Is an iPhone more like a PC or an Xbox?
That question was asked — implicitly and explicitly — over and over on the third day of Epic v. Apple testimony. The antitrust trial started on Monday with some heady pronunciations about Fortnite, the game and/or metaverse at the heart of the case. Yesterday, both sides argued about whether iPhones and iPads were truly locked down. And today, Apple and Epic delved into one of the biggest questions of the trial: whether saying iOS violates antitrust law would make every major game console an unlawful monopoly too.
Apple’s attorneys issued a dire warning to Sony, Nintendo, and Microsoft during its opening statement, saying that their business models were all fundamentally similar. “If Epic prevails, other ecosystems will fall too,” they warned. But today, Epic called up Microsoft’s Xbox business development head Lori Wright as a sympathetic witness. In response to a line of questioning, Wright divided computing devices into “special-purpose” and “general-purpose” devices — in a way that clearly defined iPhones as the latter.
The Xbox, as Wright describes it, is a special-purpose device. “You are basically building a piece of hardware to do a specific thing,” she told a judge. “The Xbox is designed to give you a gaming experience. People buy an Xbox because they want to play games.” As a result, Microsoft keeps tight control of what content users can access — it’s a “curated, custom-built hardware/software experience.” The market is also much smaller: tens or hundreds of millions sold, compared to “billions” of Windows devices. Later in the day, Epic engineering fellow Andrew Grant gave his own, similar definition of gaming consoles in general, calling a console “a single-purpose device for entertainment.”
Windows computers, according to Wright, are “general-purpose” devices. “You’re buying it to do a wide variety of things, and that changes every day as new ideas are getting created,” she said. “It can do a bunch of things already, and it has the aperture to do a bunch more things.” These platforms can support unexpected, emergent applications across more aspects of people’s lives, particularly when it’s easy to get an app onto them in the first place.
Wright made a point of discussing all the different ways that users could get apps on Windows. That includes Microsoft’s own app store, but also Steam, the Epic Games Store, and direct downloads from a website. Microsoft recently dropped its commission on Windows apps to 12 percent to compete with Epic, while the Xbox still takes a 30 percent commission. Wright says there’s no plan to change that discrepancy. That’s despite the fact that under the hood, there’s not a massive hardware difference between an Xbox and a desktop PC.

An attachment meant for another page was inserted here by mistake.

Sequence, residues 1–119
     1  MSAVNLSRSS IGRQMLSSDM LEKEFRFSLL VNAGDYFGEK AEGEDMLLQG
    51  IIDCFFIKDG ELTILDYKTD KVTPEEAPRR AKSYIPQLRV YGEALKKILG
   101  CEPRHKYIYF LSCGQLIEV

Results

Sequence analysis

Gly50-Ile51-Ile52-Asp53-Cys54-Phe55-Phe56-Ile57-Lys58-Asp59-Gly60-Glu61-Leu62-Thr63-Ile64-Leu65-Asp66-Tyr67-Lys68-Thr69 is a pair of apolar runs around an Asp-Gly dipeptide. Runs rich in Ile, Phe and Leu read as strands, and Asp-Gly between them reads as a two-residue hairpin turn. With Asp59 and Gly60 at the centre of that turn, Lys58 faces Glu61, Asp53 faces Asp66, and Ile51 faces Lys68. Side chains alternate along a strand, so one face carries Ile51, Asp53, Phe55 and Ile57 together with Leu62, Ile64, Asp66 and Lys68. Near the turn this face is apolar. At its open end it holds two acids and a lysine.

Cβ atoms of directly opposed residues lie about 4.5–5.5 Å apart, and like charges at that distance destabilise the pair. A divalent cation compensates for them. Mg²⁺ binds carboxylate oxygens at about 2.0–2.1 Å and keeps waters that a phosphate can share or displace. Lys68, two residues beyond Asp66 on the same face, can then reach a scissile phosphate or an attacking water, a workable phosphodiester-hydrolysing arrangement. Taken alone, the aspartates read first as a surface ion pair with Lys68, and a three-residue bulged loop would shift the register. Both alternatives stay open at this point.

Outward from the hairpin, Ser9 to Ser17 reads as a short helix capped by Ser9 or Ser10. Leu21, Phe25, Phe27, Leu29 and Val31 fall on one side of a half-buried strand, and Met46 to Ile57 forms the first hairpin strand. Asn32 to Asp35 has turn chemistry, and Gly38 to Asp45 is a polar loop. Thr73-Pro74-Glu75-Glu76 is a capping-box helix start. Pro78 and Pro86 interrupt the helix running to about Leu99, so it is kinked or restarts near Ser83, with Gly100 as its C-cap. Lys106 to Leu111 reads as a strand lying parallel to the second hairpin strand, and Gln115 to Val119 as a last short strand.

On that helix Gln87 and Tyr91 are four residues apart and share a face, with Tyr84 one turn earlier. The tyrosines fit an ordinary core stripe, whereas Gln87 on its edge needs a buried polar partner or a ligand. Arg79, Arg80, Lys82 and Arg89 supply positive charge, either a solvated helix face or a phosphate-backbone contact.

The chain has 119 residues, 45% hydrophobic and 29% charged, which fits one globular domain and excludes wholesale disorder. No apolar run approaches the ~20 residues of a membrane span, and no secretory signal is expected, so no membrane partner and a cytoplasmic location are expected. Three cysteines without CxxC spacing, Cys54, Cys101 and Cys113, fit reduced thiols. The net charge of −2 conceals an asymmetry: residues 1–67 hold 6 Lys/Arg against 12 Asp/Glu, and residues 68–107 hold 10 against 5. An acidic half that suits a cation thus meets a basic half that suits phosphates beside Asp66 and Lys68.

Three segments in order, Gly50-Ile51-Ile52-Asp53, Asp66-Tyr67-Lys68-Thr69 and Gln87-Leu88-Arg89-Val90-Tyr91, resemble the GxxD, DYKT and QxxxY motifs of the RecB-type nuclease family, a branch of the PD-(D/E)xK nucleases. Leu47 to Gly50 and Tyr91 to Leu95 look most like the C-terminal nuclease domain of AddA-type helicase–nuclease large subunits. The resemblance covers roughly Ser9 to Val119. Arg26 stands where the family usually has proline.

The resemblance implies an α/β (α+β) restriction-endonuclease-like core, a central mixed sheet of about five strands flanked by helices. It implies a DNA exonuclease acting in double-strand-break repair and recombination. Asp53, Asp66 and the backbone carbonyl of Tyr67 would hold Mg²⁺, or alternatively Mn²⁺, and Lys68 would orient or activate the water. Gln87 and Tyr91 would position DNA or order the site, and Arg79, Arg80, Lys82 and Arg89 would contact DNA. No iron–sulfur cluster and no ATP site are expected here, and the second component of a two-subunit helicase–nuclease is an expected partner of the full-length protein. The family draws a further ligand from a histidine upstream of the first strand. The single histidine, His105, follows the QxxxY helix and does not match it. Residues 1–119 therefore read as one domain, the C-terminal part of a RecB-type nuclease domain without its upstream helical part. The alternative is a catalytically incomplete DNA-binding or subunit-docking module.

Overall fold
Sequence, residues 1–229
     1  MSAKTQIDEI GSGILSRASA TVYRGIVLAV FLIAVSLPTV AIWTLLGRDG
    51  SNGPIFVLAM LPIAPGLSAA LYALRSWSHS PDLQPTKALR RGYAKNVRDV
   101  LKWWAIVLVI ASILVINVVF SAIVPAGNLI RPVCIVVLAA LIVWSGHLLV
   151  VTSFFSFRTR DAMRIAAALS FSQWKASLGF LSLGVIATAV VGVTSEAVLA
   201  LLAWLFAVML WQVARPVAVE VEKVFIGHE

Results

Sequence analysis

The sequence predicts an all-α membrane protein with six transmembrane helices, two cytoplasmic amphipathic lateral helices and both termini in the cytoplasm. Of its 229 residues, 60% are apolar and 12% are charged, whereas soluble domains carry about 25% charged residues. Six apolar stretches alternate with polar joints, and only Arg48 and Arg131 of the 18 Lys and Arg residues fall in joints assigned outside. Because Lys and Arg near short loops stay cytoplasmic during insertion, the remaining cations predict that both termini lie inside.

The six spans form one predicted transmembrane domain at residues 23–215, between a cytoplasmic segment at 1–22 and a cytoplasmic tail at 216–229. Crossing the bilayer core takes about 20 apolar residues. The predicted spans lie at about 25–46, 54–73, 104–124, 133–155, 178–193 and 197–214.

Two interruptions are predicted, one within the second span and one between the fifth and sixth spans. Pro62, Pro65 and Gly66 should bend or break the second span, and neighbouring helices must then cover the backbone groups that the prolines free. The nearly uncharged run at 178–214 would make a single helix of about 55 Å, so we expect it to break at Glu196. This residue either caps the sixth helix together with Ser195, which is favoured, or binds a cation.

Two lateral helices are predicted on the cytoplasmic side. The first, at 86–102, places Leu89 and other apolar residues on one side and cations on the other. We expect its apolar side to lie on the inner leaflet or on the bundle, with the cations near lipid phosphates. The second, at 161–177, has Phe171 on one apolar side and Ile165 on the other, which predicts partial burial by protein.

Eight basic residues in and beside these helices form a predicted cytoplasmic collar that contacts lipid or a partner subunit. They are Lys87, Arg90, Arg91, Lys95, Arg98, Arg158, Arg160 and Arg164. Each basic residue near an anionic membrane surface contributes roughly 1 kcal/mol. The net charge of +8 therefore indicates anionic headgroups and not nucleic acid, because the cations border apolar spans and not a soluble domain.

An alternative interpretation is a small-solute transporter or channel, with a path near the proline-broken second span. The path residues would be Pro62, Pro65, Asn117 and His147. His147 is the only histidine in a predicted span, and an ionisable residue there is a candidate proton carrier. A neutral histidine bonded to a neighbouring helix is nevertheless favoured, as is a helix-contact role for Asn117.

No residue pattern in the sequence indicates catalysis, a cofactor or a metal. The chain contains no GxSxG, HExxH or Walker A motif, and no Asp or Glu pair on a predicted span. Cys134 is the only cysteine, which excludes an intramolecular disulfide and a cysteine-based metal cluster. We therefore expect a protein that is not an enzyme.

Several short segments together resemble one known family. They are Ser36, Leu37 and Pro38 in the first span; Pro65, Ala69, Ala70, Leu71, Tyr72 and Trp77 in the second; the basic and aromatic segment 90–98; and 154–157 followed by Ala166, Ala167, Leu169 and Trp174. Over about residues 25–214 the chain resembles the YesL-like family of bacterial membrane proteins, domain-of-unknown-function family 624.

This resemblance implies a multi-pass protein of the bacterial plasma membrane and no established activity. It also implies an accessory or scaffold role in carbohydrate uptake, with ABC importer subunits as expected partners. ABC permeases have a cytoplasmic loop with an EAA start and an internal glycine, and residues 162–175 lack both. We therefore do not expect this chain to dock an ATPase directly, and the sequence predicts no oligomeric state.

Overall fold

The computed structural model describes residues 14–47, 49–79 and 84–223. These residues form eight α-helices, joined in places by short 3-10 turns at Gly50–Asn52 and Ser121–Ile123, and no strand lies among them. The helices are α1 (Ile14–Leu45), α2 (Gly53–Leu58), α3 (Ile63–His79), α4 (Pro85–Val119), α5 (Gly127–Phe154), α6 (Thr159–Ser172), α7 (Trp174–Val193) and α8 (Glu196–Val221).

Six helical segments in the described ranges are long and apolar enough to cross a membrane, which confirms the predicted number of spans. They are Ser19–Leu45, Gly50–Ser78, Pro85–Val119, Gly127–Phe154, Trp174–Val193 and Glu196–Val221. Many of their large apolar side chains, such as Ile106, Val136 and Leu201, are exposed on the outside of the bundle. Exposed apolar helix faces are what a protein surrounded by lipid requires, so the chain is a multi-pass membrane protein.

It’s hard to call the iPhone anything but a general-purpose device under Wright’s definition. (She described a “special-purpose” Apple product as something like an iPod.) Intentionally or not, Wright also linked the distinction to one of Epic’s major talking points: profit.
Epic describes profit as one of the biggest differences between iPhones and consoles. It argues console makers have to treat app makers better because they lose money on hardware, unlike Apple, so they need to plan around attracting developers to the platform. And from Microsoft’s point of view, Wright emphasized in testimony that no Xbox console has been sold at a profit, even late in a generation’s lifespan after manufacturing costs fall. So part of that curated hardware/software experience includes planning around a specific genre of app and attracting the developers who will build it, rather than simply turning it loose and seeing what happens.
Microsoft later hedged in a statement saying that “profits are generated in game sales and online service subscriptions,” but it didn’t really contradict the claim — it just made clear, as Wright did, that the overall operation is profitable.
Will these distinctions convince the court? It’s hard to say, and Judge Yvonne Gonzalez Rogers has asked questions that appear lightly skeptical of Epic’s hard lines between consoles and iPhones and Wright’s strict delineation of “general” and “specific” devices.
Apple’s attorney didn’t spend as much time arguing over precise definitions. Apple’s strategy relied more on questioning Wright’s credibility by noting that she’d failed to produce documents that Apple requested. Later, an attorney similarly lambasted Grant for working on the hotfix that secretly introduced a new payment system into Fortnite, insisting that “you knew you were being dishonest, didn’t you?”
But Apple did push Wright to lay out in detail just how much more locked-down Xbox is than Windows, asking whether it did things like support rival game stores or streaming services. (This questioning was muddled by the fact that Microsoft refers to both its consoles and general gaming division as “Xbox,” so you can have an “Xbox store” on PC — a fact that led to some confusion during cross-examination.)
Why is this useful to Apple? Well, Epic began the trial by saying that iOS should work more like macOS. Both operating systems have a reputation for relative security and seamlessness, but only the latter allows installing software from outside the App Store. Epic’s opening statement questioned why Apple needed to lock down the iPhone when it had already created a perfectly workable but more open system. But with Wright and Microsoft, Apple has a perfect comparison point: a major computing company that offers two very different versions of a big black box.